Saturday, December 10, 2016
How to create guitar cab impulses from a song (free plugins and IR included!) PART 2/2
CLICK HERE TO READ PART 1/2
This happens because our impulse is too long, so what we need to do is to make it a little shorter, until it is half a second to one second (or even shorter: you will need 3 or 4 tries before get the right lenght, because it varies from impulse to impulse according to how dry we want our sound to be), and let's load an eq on its vst slot: since we are dealing with a produced and mastered song it will probably have certain frequences a little over-emphasized, so it's a very good idea to set a high pass filter starting from 50 to 100hz, and a low pass one at around 10khz. This way we will tame the excessive low end and some unwanted fizz in the high area.
An additional check that can be done is to compare the volume of our impulse response with others and see if it's clipping, if it's too high, or it's too low, and adjust it accordingly.
5) Now let's put this track in solo, export it in mono again, load it again in the cab simulator in our project and let's play again some riff with our guitar. Does our impulse still need some tweaking? If so, let's adjust lenght and/or eq again and repeat this operation until the sound is as close as possible to the original album, then save it with the name of the song and soon you will have a personal impulse library with the guitar tone your favourite songs!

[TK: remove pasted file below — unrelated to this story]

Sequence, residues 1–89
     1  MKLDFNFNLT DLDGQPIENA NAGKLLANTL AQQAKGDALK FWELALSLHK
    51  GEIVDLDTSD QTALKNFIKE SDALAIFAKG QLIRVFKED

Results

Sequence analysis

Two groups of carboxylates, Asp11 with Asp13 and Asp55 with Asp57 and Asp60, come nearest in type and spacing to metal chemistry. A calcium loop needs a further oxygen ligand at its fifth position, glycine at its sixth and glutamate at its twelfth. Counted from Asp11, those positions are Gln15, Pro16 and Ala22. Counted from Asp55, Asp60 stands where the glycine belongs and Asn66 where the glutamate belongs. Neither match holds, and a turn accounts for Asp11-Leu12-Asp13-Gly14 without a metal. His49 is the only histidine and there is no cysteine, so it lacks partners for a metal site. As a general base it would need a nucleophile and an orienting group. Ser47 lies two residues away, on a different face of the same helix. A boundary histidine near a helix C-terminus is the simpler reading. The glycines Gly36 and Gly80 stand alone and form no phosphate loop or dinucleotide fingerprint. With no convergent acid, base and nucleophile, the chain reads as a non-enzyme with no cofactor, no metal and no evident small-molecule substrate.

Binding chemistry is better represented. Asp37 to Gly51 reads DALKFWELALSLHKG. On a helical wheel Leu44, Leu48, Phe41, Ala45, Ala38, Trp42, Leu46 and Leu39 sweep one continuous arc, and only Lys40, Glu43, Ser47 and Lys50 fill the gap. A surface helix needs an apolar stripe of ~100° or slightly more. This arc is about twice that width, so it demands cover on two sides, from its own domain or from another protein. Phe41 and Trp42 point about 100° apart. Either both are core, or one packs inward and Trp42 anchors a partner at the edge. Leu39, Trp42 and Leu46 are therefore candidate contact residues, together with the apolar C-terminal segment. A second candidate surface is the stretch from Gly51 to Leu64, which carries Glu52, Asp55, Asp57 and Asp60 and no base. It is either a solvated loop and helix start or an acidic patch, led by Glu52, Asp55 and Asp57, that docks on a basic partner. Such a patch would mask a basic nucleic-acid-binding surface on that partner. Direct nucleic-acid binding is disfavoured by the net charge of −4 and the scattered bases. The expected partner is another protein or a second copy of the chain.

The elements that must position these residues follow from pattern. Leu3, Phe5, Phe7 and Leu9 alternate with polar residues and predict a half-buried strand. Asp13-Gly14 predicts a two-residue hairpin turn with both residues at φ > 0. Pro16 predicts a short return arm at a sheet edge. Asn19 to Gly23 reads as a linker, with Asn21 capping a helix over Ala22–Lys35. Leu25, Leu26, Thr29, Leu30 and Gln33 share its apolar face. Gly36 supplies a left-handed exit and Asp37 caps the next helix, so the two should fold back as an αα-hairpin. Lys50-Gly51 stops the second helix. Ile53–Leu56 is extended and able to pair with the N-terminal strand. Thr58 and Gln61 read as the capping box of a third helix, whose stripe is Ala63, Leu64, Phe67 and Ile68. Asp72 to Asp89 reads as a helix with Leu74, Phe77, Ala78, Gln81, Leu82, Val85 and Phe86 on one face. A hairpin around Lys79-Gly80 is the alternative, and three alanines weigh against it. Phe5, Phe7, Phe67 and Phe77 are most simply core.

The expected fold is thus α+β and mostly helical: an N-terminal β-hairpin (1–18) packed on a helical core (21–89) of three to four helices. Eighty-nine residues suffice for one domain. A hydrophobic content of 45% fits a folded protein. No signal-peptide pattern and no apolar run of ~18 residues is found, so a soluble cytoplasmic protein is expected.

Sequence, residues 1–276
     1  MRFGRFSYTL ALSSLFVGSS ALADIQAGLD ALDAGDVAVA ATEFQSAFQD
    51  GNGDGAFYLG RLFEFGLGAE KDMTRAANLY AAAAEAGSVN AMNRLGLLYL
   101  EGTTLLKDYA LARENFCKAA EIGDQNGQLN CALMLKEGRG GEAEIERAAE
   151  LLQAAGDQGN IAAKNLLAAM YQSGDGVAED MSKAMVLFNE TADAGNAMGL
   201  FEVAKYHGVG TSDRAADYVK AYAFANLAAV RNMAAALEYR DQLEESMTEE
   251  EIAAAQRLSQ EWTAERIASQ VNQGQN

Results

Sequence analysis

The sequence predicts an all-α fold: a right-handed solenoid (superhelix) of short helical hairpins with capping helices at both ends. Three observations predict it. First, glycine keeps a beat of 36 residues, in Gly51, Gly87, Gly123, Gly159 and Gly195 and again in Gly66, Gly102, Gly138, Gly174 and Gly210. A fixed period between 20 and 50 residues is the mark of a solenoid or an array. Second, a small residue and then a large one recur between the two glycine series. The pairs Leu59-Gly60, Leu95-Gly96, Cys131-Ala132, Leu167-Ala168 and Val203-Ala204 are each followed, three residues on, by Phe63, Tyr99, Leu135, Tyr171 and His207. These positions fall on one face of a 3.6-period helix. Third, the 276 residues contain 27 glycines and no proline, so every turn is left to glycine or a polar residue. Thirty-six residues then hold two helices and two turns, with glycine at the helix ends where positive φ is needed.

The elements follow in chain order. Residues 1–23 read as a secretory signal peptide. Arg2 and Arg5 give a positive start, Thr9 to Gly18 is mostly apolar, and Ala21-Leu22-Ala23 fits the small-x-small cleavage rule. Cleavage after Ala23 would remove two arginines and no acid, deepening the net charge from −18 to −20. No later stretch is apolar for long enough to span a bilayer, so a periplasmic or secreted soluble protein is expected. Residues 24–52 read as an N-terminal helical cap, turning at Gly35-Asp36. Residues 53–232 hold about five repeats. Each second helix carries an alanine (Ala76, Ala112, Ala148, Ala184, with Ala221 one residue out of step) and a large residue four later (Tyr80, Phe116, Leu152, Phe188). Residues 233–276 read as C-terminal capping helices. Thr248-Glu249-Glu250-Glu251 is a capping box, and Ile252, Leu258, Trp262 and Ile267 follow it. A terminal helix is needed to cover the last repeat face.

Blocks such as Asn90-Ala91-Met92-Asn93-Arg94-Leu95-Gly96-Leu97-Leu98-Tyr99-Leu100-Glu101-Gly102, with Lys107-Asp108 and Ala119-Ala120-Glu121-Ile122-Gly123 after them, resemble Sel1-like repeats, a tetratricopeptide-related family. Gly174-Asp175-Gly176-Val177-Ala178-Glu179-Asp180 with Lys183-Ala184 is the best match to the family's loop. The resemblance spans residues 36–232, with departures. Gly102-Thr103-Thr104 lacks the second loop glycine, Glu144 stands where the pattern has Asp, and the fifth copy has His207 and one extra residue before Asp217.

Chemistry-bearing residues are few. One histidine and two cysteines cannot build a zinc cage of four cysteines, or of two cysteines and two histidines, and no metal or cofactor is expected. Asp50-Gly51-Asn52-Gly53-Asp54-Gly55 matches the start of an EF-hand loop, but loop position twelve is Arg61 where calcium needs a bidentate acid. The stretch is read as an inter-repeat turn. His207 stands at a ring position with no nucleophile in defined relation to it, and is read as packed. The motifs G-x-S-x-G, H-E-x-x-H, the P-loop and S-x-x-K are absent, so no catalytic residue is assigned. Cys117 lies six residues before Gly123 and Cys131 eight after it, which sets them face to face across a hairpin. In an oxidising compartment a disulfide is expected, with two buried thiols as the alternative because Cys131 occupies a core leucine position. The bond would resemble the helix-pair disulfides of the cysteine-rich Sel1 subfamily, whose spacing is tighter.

Additional awesomeness: I have explained the simpliest version of how to clone a guitar tone to turn it into an impulse, but the truth is that there it would be so much more to say.
If you want to dig deeper into this world and for example fine tune furthermore the impulse you can also use an eq matching program to fine tune and copy even more the eq curve by following the procedure explained in this tutorial, this way you would combine two different cloning techniques into one.
Some producer also like to copy the overall response of a vst chain (or part of it), whether we are talking about a guitar, or a snare mixer channel, or a kick and so on, and use it in future projects to clone a certain tone print (this is also the way in which some vintage hardware modeler work), so the concept of impulse responses could be scaled in almost every aspect of our mix, but this is another story.
This sample impulse has been created based on one of my favourite guitar sounds of all times: Clenching the fists of Dissent from Machine Head.
I have tried it with TSE X50 II (but any other Peavey 5150 sim like the TSE X50 or the Nick Crow 8505 with a Tube Screamer as a booster in front should do), fiddling a bit with the eq and using the learn mode for input, and ROSEN DIGITAL PULSE as cabinet simulator.
Let me know what you think about it!
IMPULSE: MACHINE HEAD - CLENCHING THE FISTS OF DISSENT
Happy 5th birthday, Guitar Nerding Blog!
CLICK HERE TO READ PART 1/2
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